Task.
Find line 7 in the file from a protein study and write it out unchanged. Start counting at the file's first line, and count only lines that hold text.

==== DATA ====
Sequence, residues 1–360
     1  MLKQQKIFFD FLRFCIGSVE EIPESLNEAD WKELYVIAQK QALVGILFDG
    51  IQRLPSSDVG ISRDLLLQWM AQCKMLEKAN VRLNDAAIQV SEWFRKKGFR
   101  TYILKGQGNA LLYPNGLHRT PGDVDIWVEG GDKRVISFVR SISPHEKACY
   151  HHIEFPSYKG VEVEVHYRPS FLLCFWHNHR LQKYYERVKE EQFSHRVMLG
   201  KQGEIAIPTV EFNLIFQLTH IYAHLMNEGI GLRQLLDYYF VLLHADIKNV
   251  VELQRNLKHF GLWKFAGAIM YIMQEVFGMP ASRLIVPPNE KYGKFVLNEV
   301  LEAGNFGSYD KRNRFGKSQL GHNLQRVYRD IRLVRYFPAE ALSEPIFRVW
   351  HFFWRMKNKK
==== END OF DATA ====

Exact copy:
   251  VELQRNLKHF GLWKFAGAIM YIMQEVFGMP ASRLIVPPNE KYGKFVLNEV